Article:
Dogs gastric ulcers, is this possible? Can a dog actually get an ulcer? The answer is yes they can, and it is a lot more common than most dogs owners realize.
In fully understanding exactly what ulcers in dogs actually are, it is best to understand what they are not.
Ulcers in humans and dogs are very similar, in that the original cause of an ulcer will be from bacteria, usually from water or food that has been infected.
Peptic ulcers that form within the stomach are called dogs gastric ulcers, and occur when either the intestine or the stomachs protective layers become weak.
When this occurs, digestive juices can and often does damage the intestine or the tissues of your pet’s stomach.
These juices contain hydrochloric acid and an enzyme that is called pepsin, thus the term peptic ulcers.
These type of ulcers can also cause damage to the esophagus, which is the tube that leads from you dogs stomach to their throat
But there is a fine line between dogs gastric ulcers, and a condition called canine gastritis.
Gastritis is a condition that also affects your dog’s stomach, causing it to become irritated as well as inflamed.
If it is only inflammation, and not an infection, the symptoms will be much less severe.
It is estimated that over fifty percent of dogs worldwide may have an ulcer or gastritis.
There can be two different causes of dogs gastric ulcers.
The first is from a bacterium that is called Helicobacter pylori, also referred to as H. pylori. This is believed to be the major cause, but that is starting to change.
Just like with people, especially in the United States, not everyone, or every dog that is infected with this bacteria will develop ulcers.
A lot of it will depend on the strength of the immune system and the actual type of H. pylori that has infected your dog.
Water supplies in the United States are also a lot safer than in several parts of the world.
The second cause was almost nonexistent just ten years ago, but it now considered a real potential contributor to ulcers in dogs.
Non-steroidal or anti-inflammatory drugs, referred to as NSAIDs, are fast becoming a concern for producing dog gastric ulcers.
These drugs breakdown the stomach acids in your dog in the same way that the bacterium does, and are now widely used in dogs with joint problems or for pain after a surgery.
It has been a real breakthrough in easing pain, but it has several side effects, including causing ulcers.
The common misconception with some dog owners that stress can cause ulcers has no real proof to back this up, but it has proven to cause minor symptoms of gastritis.
There are several symptoms that owners can watch for an easily identify that your dog will have either gastritis or actual peptic ulcers.
If these symptoms are chronic and more severe in nature, they most likely have an ulcer.
The first obvious symptom will be abdominal cramping and pain in your dog’s stomach, followed by diarrhea, nausea, and vomiting.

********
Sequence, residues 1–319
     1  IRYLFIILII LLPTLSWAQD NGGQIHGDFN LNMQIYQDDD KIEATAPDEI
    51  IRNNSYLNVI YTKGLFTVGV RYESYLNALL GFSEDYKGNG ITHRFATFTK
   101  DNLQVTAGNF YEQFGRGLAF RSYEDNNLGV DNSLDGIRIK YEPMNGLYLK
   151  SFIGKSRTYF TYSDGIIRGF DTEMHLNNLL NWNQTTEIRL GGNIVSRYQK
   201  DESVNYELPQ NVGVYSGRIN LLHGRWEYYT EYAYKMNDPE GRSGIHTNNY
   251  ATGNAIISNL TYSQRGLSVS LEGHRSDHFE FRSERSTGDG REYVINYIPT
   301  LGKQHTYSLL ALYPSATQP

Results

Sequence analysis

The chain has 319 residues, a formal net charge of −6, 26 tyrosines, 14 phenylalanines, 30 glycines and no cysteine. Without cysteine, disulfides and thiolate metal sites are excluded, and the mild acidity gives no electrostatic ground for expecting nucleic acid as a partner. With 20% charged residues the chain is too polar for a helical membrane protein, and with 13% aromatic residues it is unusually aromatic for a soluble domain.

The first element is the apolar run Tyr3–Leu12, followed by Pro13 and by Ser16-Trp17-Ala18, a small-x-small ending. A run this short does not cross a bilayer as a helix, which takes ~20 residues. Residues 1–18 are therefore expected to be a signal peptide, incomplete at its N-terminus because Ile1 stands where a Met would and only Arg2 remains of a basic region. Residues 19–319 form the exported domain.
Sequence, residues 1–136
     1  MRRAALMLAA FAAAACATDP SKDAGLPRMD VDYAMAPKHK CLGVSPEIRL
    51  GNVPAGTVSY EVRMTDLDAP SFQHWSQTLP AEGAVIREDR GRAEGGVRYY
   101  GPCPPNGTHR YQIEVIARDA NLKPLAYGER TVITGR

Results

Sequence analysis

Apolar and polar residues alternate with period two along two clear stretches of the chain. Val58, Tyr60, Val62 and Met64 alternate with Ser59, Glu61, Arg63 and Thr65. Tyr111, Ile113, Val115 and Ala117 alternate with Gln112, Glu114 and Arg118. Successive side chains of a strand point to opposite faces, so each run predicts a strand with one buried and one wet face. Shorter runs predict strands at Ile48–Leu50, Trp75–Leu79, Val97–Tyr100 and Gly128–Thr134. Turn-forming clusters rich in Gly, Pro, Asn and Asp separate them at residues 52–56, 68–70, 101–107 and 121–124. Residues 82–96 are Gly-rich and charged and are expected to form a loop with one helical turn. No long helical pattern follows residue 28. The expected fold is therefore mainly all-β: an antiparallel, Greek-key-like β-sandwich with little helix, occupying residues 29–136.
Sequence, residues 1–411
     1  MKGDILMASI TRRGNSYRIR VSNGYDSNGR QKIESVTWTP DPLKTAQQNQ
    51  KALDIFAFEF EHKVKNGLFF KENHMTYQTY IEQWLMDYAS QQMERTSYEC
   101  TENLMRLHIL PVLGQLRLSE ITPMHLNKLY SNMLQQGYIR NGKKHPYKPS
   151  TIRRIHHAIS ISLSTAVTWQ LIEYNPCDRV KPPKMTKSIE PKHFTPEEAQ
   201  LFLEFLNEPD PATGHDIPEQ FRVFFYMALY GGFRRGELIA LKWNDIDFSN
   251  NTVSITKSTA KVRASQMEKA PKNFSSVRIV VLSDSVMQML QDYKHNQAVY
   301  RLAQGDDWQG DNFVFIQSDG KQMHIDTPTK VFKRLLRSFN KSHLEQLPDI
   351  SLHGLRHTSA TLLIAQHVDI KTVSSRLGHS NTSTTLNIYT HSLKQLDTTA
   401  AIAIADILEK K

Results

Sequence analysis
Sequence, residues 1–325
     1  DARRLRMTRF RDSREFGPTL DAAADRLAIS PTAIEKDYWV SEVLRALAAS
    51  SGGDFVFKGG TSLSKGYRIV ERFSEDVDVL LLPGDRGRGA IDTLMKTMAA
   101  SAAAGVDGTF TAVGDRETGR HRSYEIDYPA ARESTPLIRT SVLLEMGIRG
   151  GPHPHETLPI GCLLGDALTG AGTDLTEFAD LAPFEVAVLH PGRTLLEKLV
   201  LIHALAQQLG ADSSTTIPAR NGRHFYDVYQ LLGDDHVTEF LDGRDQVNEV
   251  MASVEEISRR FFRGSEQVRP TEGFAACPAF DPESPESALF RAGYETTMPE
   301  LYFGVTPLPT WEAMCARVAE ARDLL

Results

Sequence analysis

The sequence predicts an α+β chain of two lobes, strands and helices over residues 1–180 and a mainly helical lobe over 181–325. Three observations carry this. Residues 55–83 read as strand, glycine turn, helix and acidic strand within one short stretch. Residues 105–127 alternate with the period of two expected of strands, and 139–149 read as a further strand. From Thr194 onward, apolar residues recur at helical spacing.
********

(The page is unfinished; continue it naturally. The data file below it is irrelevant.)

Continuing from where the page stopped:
What you will really need to watch for is bloating in your dog, as this can be much more serious than just an ulcer, as bloat in dogs can take their life very quickly.
If the conditions continue to worsen and become chronic, your dog will start to lose their appetite altogether.
This could than lead to a loss in weight as well as your pet becoming weak, and also runs the risk of anemia.
One other symptom you to watch for is your dog starting to vomit a clear, yellowish liquid.
This is not real serious, and usually just indicates that your dog’s stomach is empty and the bile and acids that have accumulated make them vomit.
Although uncomfortable for your dog, it is not real severe.
The good news about dogs gastric ulcers is that it has several methods of treatment, as well as prevention, and they have proven to be very effective.
To help you’re pet limit the yellowish vomiting or mild vomiting, simply feed them more frequently.
You might also want to try giving them some wet dog food, or try putting some water in their dry kibble.
When you’re pet east only dry food, the food expands in their stomach. Watering it will help the natural enzyme process in breaking it down before expanding.
Medications for humans are also very effective for dogs with ulcers, such as Pepcid AC, Zantac, and Tagement, although they are quite expensive.
Other supplements such as L-glutamine, which is an amino acid that protects and heals your dog’s mucous membranes, is also very effective.
There are also vitamins and minerals that will help.
Vitamin A helps the healing processes of your dog’s mucous membranes, and the mineral Zinc help to repair the damages tissues in the stomach and digestive tract.
However, there is one thing that most dog owners don’t realize that is almost a miracle cure for ulcers in dogs.
Licorice or licorice root has a very long history of soothing inflamed and injured mucous membranes in digestive tracts. Licorice root also helps to stimulate cell growth in the stomach lining.
Dogs gastric ulcers can be very easily controlled, if you watch for the symptoms and react quickly to them.